Newfangled works with independent agencies to create lead development web platforms for their clients.

Newfangled works with independent agencies to create lead development web platforms for their clients.

Web Design Tips for the Print Designer, Part 2


The mission of Newfangled's agency partnerships is to enable agency and design partners to comfortably, confidently, and profitably provide web development services to their clients. One of the ways we do this is by always striving to improve our development process. The more refined and efficient our process becomes, the easier it is for our agency and design partners to work with it and communicate it to their clients. In the past two and a half years we have made great advances in simplifying and streamlining our process through grayscreen prototyping and the NewfangledCMS. However, one area of development that has been difficult to streamline is the "skinning" or design application phase.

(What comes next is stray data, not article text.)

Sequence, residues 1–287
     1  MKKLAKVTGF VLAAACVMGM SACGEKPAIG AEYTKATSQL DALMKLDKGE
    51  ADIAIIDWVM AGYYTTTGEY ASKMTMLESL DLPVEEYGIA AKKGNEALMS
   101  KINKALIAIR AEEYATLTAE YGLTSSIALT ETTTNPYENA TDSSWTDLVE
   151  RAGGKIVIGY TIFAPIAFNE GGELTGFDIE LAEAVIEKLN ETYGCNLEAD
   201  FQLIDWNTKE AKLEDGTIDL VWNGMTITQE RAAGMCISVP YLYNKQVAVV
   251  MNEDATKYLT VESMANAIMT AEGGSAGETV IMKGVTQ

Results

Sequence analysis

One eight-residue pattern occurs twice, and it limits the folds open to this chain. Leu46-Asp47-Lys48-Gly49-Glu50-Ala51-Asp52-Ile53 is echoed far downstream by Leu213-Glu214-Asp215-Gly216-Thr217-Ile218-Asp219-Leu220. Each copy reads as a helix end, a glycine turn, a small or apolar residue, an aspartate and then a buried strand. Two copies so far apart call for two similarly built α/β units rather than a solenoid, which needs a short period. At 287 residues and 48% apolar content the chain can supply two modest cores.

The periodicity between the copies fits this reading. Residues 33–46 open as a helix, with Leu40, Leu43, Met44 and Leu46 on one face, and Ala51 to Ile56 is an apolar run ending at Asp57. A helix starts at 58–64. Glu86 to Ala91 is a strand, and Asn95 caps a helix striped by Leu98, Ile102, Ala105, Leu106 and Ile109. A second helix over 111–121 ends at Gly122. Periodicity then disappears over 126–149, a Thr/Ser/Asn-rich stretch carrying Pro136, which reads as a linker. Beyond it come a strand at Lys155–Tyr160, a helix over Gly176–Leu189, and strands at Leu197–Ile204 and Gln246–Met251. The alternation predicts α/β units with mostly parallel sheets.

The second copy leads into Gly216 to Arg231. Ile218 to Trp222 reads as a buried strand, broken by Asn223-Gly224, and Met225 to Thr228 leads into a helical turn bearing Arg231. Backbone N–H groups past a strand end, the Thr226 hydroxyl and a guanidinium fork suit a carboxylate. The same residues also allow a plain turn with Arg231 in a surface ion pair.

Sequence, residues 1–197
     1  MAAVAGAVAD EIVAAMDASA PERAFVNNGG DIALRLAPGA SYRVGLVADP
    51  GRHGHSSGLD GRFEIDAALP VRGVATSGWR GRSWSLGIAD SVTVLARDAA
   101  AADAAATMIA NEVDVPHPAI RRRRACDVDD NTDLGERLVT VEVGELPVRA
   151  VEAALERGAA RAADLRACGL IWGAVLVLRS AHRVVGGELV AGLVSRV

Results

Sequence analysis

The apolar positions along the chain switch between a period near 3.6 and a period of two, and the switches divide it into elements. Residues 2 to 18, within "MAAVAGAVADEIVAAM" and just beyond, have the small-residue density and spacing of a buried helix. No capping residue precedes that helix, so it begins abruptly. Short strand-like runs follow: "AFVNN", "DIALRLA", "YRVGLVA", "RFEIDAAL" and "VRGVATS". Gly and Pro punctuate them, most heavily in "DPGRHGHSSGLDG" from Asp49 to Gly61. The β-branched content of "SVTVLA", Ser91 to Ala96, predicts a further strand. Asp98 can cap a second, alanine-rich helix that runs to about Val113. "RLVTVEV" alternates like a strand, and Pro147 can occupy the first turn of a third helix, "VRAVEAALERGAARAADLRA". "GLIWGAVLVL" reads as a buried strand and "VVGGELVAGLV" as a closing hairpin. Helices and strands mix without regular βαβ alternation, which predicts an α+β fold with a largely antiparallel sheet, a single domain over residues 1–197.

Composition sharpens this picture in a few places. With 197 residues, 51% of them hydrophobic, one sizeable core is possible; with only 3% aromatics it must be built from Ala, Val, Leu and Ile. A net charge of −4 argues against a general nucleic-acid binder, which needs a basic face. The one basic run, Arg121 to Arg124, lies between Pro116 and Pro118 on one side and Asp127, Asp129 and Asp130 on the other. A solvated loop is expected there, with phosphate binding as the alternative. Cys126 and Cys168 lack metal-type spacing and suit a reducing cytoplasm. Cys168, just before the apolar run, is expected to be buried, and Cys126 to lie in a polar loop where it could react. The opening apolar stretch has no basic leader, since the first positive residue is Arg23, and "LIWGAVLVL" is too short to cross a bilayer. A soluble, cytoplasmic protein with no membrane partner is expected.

In our last newsletter we reviewed the grayscreen/whitescreen development process. You may recall that after the "whitescreening" and visual design phases are completed, we enter into the "skinning" phase. "Skinning" is the process of applying the approved visual design to the generic "whitescreen" templates. The skinning phase usually progresses while the client is still entering content. This makes for an interesting experience as the site transforms from the white-screen into its final state. This is currently the most open-ended aspect, in terms of time and cost, of our development process. It is also the trickiest aspect to estimate since the complexity of the approved visual design (which isn't completed until the middle of the process) can impact the skinning phase.

This month's newsletter will help define design elements that impact the skinning process. We will then provide some tips that will help you to design sites. Finally, we will provide some guidelines for how we prefer to receive design layouts from you. By following these guidelines we can continue to streamline the development process.







Comments


↑ top